Although Ludus Aurea tries to stay away from giving Battlefield – as a franchise – any exposure, especially the latest game, the time has come to deliver the short and skinny on the newest entry in the franchise.

Battlefield V has not been without controversy – tons of it – but it must be noted that to DICE’s credit, the controversy this time around isn’t caused by releasing a game that is literally broken at launch. In case a refresher is needed, Battlefield 4 launched in a downright unplayable state. Millions of players suffered from its debilitating netcode issues, which were not fixed for literally over a year after the games release. It was in October 2014 that DICE Los Angeles (not the team who made the game which is DICE Stockholm) released a patch largely reponsible for making the game playable. After all the season pass premium DLC had come out. Many didn’t experience these issues, but most did – the netcode simply didn’t work. The list of problems ranged from constant connection issues to desynching, stuttering, lagging, anything you can imagine.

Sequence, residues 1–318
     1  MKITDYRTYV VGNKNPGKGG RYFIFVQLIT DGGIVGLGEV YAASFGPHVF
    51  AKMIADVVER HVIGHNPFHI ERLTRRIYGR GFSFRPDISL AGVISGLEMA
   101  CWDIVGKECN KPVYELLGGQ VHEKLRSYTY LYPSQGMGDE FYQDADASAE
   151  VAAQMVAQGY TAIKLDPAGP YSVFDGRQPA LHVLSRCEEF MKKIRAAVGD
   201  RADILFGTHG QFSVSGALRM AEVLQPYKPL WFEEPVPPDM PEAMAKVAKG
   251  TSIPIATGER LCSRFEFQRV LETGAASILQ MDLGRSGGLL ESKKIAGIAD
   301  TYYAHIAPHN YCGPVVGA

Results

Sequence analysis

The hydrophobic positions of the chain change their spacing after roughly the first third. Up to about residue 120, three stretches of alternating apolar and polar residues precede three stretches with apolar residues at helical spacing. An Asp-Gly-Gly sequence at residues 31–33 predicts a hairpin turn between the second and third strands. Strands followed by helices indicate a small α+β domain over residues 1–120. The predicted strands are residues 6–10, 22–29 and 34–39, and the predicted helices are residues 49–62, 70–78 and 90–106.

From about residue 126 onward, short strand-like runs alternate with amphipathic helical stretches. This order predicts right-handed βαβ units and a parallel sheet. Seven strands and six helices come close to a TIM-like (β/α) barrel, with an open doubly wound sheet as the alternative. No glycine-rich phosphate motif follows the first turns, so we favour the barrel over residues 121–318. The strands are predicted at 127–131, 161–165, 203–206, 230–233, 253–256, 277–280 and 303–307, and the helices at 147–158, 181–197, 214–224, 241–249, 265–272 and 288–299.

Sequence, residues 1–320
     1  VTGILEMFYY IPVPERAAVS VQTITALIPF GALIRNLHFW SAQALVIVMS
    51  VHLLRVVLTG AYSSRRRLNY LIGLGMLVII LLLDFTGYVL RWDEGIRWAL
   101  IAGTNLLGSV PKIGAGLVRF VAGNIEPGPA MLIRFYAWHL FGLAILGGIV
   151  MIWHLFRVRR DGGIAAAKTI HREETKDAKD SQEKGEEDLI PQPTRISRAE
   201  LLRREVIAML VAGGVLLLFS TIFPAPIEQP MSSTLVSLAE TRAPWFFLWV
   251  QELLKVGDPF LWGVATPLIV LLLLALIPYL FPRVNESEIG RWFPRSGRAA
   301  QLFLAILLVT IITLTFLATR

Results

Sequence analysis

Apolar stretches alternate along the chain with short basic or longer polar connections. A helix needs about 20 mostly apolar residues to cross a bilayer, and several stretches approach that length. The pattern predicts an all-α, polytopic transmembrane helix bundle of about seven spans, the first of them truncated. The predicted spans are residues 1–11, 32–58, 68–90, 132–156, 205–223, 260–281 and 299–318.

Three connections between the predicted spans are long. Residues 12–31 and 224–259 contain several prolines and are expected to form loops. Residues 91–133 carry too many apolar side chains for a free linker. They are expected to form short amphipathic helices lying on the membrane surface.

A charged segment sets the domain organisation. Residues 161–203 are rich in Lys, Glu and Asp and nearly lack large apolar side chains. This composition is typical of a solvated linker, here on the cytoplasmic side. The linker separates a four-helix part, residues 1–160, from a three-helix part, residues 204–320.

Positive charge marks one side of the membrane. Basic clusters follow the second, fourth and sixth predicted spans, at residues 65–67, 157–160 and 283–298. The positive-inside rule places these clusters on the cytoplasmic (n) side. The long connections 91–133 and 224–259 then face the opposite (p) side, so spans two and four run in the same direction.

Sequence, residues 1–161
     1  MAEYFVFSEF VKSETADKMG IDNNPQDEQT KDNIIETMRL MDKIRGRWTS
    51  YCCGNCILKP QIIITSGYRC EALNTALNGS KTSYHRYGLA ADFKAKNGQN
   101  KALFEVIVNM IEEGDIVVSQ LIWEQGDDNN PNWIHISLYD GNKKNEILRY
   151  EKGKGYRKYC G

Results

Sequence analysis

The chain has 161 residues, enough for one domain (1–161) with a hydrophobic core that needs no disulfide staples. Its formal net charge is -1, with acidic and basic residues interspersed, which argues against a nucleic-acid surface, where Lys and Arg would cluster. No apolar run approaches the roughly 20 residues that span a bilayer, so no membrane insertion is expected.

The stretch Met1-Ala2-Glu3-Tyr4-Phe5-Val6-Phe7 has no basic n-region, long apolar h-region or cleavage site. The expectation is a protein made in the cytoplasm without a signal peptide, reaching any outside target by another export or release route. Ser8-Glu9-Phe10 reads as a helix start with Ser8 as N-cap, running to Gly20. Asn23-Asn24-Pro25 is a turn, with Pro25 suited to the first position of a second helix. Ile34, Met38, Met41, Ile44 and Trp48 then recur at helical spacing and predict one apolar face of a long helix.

Fortunately, Battlefield V released in a more solid state than that, but let’s not be disingenuous. The game still has the same Battlefield issues, the issues inherent to the Frostbite engine. It’s as if every time they release a game, one team gets delegated to actually maintaining and fixing it, and then the other team gets to move on to making the next game. Once the final patch comes out for the current game, those fixes don’t get rolled in to the new one. There can’t be any other rational explanation for why this franchise continues to ship with the exact same issues for 6+ years running. Kill trading, kill assist 100s, the list is endless.